A New South Wales-based Commonwealth Bank adviser charged a client who died in 2004 for financial advice for more than a decade following her death, the Financial Services Royal Commission has heard.
The planner worked for the Commonwealth subsidiary Count Financial and the fees continued until 2015, even though he knew his client was dead.
An internal CBA report from December 2015, titled Count Risk & Compliance Forum, was handed to the royal commission today, detailing how several financial advisers charged customers for services they didn’t receive, including instances of charging dead people for advice.
The report found one adviser never provided any customers with advice, and even charged a client six months after they had died. He was forced to repay the fee to the dead person’s children.
Commonwealth Private executive GM Marianne Perkovic conceded under questioning that the report found at least three Count Financial advisers had charged ongoing fees to dead people. It is her second day in the witness box.
Yesterday, Royal Commissioner Kenneth Hayne warned Perkovic three times, “for her own safety”, to answer the questions put to her.
Perkovic worked at Count before joining the Commonwealth in 2010. CBA bought the financial planning business the following year.
The fees charged by CBA have been the focus of the royal commission into misconduct in banking and financial services for the last two days.
Senior counsel assisting the commission Michael Hodge also detailed a case where a client who died in 2007 was charged fees over six years and his widow was only contacted in 2013.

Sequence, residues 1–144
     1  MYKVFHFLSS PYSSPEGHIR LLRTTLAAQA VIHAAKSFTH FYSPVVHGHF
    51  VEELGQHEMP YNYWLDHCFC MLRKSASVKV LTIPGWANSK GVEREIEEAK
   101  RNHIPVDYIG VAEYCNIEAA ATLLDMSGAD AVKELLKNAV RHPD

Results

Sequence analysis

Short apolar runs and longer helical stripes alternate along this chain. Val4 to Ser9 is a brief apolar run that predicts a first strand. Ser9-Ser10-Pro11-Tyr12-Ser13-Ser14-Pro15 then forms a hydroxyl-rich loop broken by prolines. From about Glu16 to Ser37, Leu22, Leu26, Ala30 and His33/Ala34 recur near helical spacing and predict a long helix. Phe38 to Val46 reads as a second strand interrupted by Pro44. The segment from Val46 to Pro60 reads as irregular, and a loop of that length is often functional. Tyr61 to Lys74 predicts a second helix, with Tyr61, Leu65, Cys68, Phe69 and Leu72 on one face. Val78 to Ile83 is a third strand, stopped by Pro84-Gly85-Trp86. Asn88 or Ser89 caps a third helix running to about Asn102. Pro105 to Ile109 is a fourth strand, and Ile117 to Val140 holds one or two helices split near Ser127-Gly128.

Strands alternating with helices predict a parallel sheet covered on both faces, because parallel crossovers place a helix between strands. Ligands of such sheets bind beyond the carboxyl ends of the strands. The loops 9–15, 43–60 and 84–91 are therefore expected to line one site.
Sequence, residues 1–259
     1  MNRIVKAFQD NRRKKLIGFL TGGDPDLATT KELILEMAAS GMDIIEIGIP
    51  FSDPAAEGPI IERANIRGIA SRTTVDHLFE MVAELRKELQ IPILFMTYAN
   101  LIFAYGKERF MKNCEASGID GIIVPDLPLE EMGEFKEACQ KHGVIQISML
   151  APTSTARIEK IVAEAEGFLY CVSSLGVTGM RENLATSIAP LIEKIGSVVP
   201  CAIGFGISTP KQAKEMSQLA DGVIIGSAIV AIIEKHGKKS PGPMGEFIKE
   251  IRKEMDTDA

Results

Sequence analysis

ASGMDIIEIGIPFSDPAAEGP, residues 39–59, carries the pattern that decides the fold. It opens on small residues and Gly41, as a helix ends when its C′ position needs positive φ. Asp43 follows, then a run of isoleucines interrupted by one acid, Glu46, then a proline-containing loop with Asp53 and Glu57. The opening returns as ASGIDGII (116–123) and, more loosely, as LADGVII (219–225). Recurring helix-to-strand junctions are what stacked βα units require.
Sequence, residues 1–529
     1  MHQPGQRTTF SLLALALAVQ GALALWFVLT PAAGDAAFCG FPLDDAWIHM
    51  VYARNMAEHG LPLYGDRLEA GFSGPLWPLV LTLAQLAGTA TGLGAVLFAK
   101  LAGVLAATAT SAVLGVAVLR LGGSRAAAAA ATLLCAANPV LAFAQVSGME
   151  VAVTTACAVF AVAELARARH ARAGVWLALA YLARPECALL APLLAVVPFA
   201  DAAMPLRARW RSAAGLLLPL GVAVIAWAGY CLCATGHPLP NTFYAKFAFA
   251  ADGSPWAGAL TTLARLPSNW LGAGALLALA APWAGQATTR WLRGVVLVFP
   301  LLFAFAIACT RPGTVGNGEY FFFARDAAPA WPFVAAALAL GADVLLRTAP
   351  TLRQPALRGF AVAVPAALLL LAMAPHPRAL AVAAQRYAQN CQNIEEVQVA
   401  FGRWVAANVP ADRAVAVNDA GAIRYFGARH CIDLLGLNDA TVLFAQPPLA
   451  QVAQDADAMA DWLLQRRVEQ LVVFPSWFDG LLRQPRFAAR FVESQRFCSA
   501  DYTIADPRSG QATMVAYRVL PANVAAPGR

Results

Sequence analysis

Hodge told the commission that the adviser who charged a dead client fees for more than a decade said when asked about it that “he said he didn’t know what to do, had tried to contact the public trustee and not heard back”.
That planner also gave advice to self-managed super fund clients without having the proper accreditation to do so.
The review into his actions recommended he get the accreditation.
Hodge asked Perkovic how many advisers would need to fail in their duties “before it was considered a systemic issue?”
“It would need to be determined through the significant breach panel,” she said.
Hodge also Perkovic if ASIC had been put on a “drip feed” of information when notifying the regulator about compliance problems in a bid to minimise the issue.
“As we found issues, we reported them to ASIC,” Perkovic said.
Two years passed before CBA passed on a 2012 Deloitte report into the lack of systems to monitor fees and breaches to ASIC in August 2014.
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